Born into an apocalyptic Trumpworld, this iteration of The Bachelor became something kind of dark, dreadful, and a little bit out-of-control. Of course, The Bachelor is always a circus, and that’s why so many people hate it: for a television fan, it takes a strong set of stones to follow something so vapid, so dependent on tired stereotypes and romantic wish-fulfillment, so misogynistic, so corporate and disingenuous. How many different ways can producers arrange 30 beautiful women in a Love Thunderdome as they compete for the affections of one bland white man? But there was something poisonous in American culture at large that made Season 21 into something else, something crazier. Perhaps the 2016 election left a vacuum of hope that encouraged The Bachelor producers to lean into self-destruction as an aesthetic. Perhaps we, the audience, are evolving to watch ourselves watching TV, and we prefer everything to be kind of about storytelling – ergo the timely popularity of diverse “meta” shows like WestworldAmerican Horror StoryFleabag.

Either way, the new Bachelor was defined by these new and distinctive notes:

  1. Contestants who bristled inside their assigned story cages and pointedly drew attention to the process of being written as characters.
  2. The season’s primary “villain,” Corinne, who transcended the confines of the Bach with a Joker-like sense of chaotic sexuality and stunningly re-branded her arc as sex-positive feminist heroism.
  3. An unwilling Bachelor whose weird charisma relied on his apathy, nihilism, and constant critique of the format. Nick undermined our reception of the Bachelor experience by positioning himself as a bored observer – distancing himself from the contestants and the ideological underpinnings of the show.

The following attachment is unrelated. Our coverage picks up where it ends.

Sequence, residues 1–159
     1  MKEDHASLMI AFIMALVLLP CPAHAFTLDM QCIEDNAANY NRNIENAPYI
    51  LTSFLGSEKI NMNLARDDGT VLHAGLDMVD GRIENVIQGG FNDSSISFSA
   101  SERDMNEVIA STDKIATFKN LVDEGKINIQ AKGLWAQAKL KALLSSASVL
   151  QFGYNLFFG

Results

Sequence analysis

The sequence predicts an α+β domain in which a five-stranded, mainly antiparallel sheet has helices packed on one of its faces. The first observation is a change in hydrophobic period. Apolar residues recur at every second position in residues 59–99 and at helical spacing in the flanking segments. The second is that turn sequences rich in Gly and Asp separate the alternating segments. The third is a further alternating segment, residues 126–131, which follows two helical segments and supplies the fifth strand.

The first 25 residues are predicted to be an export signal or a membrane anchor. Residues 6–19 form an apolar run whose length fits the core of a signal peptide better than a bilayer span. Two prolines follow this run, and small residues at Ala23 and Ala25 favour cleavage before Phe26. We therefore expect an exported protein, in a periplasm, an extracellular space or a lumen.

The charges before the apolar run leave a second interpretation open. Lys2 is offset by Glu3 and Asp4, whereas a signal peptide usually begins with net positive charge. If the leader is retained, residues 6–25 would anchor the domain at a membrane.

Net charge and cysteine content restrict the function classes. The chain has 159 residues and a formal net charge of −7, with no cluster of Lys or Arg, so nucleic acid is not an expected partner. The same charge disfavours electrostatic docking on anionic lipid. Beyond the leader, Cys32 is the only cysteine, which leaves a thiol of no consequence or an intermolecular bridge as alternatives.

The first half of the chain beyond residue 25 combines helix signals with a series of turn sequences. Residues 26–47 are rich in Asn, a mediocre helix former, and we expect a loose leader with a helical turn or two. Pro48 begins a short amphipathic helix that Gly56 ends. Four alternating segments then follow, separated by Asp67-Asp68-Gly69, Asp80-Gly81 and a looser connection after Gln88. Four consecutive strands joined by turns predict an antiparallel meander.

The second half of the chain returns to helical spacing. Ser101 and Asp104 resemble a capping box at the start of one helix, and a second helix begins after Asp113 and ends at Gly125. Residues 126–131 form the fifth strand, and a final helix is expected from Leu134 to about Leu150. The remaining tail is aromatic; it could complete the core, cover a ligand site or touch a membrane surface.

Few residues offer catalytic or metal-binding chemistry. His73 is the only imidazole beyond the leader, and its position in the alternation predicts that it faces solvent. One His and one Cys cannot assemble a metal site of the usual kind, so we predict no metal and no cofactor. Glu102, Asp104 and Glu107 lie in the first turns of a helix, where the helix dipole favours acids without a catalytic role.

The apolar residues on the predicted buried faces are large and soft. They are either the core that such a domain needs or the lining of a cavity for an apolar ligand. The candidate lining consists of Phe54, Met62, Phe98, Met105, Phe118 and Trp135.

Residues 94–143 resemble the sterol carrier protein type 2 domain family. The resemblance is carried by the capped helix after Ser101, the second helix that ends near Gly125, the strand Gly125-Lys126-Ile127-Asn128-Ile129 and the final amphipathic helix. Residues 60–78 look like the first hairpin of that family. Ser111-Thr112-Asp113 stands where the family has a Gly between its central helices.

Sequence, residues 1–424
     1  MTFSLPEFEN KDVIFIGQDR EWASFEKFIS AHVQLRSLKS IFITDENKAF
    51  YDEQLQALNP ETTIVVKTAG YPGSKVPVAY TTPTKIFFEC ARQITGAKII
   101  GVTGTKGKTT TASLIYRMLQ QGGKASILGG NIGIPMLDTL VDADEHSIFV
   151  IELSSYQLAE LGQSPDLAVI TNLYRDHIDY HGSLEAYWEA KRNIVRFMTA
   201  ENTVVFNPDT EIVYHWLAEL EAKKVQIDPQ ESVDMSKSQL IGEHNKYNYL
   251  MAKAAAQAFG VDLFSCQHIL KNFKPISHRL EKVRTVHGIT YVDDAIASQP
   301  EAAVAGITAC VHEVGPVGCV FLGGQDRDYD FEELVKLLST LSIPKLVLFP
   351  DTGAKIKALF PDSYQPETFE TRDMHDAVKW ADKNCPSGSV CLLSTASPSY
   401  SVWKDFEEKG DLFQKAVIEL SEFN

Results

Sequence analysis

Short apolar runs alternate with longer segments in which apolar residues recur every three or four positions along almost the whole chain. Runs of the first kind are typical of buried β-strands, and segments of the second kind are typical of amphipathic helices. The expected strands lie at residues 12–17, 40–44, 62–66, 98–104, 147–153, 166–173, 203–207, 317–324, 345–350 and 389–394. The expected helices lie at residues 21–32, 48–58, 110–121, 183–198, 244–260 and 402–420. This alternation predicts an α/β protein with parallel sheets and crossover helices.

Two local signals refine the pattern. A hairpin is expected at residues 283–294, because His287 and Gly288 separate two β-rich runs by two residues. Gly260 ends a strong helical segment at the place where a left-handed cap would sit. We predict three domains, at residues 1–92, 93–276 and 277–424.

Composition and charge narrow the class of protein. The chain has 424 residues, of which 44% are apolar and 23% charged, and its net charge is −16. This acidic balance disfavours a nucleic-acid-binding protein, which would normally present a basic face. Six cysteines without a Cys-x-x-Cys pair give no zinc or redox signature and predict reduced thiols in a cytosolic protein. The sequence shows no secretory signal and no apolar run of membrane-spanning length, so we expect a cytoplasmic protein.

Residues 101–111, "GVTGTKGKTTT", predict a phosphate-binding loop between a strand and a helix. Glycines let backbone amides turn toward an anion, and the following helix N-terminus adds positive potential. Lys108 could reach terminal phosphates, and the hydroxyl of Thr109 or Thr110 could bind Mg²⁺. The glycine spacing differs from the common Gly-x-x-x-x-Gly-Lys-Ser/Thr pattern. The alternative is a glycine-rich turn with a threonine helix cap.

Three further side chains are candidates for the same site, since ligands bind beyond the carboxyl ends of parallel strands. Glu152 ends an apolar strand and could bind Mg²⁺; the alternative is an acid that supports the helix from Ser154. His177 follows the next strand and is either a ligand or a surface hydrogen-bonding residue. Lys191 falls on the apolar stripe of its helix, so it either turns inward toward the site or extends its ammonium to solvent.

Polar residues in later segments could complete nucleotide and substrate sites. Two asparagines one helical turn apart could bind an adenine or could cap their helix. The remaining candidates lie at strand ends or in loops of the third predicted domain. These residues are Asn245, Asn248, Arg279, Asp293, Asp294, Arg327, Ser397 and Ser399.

First, I want to take on Bullet Number One – the Westworldian crises of self that entered this season of the Bachelor early on and began the process of destabilizing narratives and the women forced to live them. Take a look at what happened to Jasmine G on Night 1. Now, it’s not unusual for Bachelor women to immediately recoil from the uncanniness of this environment –  to be a Bachelor contestant, to be on a reality dating competition, is to be subjected to spirit-breaking. These women are tested every moment with the pressures of self-criticism, of being filmed, of being beautiful, of being charming, of systematically attacking and defeating your stunning competitors. But something about Jasmine G’s body language and wording struck me as a crisis of self, a dissociative episode which bespeaks her sudden awareness that she is performing and this whole thing – maybe any love-hunt – is theater without meaning.